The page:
Popular Songs That Are Actually Really Good: The Who’s “Baba O’Riley”
Some songs grow far too popular and iconic to get the proper respect they deserve in 2016. We hear them at sporting events, barbeques, and wedding receptions. They get so ingrained in us that it’s easy to see them as a nuisance, or simply white noise. I think it’s easy to forget that most of these types of songs have gained this level of popularity because they’re really good. In “Popular Songs That Are Actually Really Good” (or PSTAARG, for short!), I’ll examine these songs and hopefully shed new light onto something you’ve been mindlessly humming along with for years.
The legacy of The Who’s “Baba O’Riley” is one of incorrect titles, misunderstood lyrics, and Indian spiritual gurus.
Many will be surprised to learn that this song is not called “Teenage Wasteland.” In fairness, that would been a pretty good title and something that the masses would instantly associate with this song. Instead, lead guitarist Pete Townshend elected to make the title a kind of portmanteau, borrowing names from minimalist musician Terry Riley and Indian spiritual guru Mehar Baba. Given that the two were a heavy influence on the song itself, I suppose it gives the title some deeper meaning. It also means it has nothing to do with the song on the surface.
The song also suffers from the same sydrome Kendrick Lamar’s “Swimming Pools” does. “Swimming Pools” isn’t a celebration of drinking, it’s an indictment of it. “Baba O’Riley” isn’t a celebration of a teenage wasteland, it’s an indictment of it. In a September 2009 interview with Guitar World, Townshend said the phrase was inspired by the “absolute desolation of teenagers at Woodstock, where the patrons were smacked out on acid and 20 people had brain damage.”
As far as the music itself goes, is there anything that sounds more heroic than the opening synthesizer arpeggios? Never trust anyone who hears the “Baba O’Riley” intro and doesn’t immediately want to launch into a dramatic montage.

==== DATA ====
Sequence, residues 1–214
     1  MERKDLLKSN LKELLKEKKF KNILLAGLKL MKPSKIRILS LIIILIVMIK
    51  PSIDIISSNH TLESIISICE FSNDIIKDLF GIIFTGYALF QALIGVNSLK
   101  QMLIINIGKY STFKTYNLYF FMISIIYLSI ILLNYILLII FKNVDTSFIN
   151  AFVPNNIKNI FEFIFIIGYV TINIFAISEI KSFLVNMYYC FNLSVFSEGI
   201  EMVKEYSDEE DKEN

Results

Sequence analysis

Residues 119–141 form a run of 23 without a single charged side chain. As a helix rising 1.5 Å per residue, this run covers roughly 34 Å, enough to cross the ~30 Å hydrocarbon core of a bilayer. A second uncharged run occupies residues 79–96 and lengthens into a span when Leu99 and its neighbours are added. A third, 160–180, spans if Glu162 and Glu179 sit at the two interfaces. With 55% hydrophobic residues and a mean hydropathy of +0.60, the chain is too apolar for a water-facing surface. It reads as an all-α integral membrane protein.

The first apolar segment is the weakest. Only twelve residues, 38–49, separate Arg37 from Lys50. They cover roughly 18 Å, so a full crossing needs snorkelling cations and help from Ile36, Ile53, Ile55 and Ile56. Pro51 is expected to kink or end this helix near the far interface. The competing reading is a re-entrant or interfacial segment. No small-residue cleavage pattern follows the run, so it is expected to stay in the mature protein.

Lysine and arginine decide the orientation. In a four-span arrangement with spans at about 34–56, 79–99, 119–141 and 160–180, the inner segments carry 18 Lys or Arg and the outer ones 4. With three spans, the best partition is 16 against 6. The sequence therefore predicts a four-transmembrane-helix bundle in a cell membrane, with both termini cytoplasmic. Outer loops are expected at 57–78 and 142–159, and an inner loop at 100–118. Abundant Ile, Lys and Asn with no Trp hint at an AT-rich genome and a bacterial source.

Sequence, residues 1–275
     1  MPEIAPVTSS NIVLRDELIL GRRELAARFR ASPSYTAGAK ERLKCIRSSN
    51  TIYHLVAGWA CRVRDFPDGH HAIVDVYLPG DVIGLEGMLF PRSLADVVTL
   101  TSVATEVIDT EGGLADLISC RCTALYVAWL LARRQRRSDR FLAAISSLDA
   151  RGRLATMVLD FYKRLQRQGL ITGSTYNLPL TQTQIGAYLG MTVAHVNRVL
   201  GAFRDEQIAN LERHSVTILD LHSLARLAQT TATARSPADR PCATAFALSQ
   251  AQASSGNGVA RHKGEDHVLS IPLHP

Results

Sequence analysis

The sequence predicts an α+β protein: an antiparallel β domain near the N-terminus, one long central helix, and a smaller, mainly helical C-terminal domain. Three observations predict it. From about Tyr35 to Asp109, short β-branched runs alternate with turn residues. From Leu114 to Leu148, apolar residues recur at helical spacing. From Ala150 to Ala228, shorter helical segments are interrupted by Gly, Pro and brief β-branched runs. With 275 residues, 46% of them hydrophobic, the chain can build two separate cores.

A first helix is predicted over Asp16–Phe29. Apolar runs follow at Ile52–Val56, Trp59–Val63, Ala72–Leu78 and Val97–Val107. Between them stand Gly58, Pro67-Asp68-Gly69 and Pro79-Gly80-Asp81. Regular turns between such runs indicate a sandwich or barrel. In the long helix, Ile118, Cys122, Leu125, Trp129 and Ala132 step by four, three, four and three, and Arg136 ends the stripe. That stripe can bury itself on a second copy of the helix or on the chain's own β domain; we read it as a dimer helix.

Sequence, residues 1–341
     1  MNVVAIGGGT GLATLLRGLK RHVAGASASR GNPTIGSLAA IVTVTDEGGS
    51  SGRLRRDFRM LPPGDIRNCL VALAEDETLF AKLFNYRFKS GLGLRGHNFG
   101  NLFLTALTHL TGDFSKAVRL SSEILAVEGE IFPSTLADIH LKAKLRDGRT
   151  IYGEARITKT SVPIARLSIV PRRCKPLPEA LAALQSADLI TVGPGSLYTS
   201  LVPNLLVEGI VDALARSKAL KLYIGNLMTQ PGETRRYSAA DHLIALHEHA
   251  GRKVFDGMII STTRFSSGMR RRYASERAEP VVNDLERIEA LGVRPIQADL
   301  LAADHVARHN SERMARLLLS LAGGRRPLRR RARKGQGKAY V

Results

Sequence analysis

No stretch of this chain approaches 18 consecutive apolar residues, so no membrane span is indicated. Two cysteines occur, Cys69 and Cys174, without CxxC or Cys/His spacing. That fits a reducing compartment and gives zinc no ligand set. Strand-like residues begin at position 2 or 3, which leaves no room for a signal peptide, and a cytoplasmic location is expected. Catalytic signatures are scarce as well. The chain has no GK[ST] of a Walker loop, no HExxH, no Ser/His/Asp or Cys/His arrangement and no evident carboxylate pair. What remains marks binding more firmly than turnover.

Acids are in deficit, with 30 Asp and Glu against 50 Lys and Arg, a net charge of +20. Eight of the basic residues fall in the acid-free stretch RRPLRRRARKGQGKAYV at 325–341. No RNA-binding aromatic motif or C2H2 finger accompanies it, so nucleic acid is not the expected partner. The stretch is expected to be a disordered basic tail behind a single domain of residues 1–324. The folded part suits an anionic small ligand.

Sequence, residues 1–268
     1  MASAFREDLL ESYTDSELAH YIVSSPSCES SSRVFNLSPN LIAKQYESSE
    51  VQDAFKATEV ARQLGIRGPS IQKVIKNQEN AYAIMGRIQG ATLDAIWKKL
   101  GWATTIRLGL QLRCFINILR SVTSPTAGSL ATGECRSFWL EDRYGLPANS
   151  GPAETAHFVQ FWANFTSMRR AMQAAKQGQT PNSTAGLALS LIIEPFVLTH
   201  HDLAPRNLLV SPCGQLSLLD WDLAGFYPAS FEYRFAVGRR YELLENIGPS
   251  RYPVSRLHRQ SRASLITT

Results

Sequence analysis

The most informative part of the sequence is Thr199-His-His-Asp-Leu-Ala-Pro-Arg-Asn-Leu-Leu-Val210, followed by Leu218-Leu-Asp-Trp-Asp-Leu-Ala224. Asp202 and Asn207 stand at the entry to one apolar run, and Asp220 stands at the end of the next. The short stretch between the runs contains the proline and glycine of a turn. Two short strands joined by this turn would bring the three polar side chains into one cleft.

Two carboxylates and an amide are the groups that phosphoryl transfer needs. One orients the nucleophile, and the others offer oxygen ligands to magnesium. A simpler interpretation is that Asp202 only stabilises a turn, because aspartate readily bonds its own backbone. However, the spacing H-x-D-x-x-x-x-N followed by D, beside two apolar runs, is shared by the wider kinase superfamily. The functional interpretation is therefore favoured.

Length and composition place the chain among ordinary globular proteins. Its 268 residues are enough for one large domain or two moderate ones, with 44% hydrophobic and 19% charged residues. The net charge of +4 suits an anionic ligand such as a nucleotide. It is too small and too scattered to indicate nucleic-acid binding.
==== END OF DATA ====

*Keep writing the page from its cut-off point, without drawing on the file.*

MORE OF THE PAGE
The song was originally written as part of a rock opera called Lifehouse, set to be a sequel to The Who’s Tommy. The opera never got off the ground, but eight of its songs were salvaged. Instead of being stuck at the beginning of the opera, “Baba O’Riley” was stuck at the beginning of Who’s Next. More context to the literal meaning of the song can be found if you think about it in its opera sense.
The lyrics of the song still work well in a metaphorical way, but their original intent was very literal. The song was to be sung by a farmer gathering his family for a journey south, in search of a runaway daughter who left home seeking spiritual renewal in some sort of massive concert event, which sounds like some kind of dystopian Woodstock.
Out here in the fields, I fight for my meals
I get my back into my living
Sally, take my hand, we’ll travel south ‘cross land
Reading about Lifehouse makes me kind of sad it never came to fruition. It’s a crazy plot, but it’s the right brand of crazy. When the opera was finally abandoned, all of the salvaged songs allegedly had to be shortened. The first version of “Baba O’Riley” was said to be a full 30 minutes long before being distilled into what we now know.
Although the song was written by Townshend, he has just two lines of vocals. Lead singer Roger Daltrey handles the bulk of singing duty, while Townshend croons what’s unequivocally the best part of the song, the middle eight:
Don’t cry, don’t raise your eye
It’s only teenage wasteland
“Baba O’Riley” clocks in at basically five minutes, but the final 90 seconds is a soaring instrumental finale, featuring the infamous synthesizer, crashing cymbals, a guitar solo, and a racing violin, which was apparently added at the suggestion of drummer Keith Moon.
I’ve heard this song everywhere from movies to post-game fireworks displays to the closing ceremony of the 2012 London Olympics. It was listed at #340 on Rolling Stone’s list of The 500 Greatest Songs of All Time, and is listed in the Rock and Roll Hall of Fame as one of the 500 Songs That Shaped Rock and Roll. It’s also a lasting testament to the wonderfully wild and off-centered ambitions of The Who.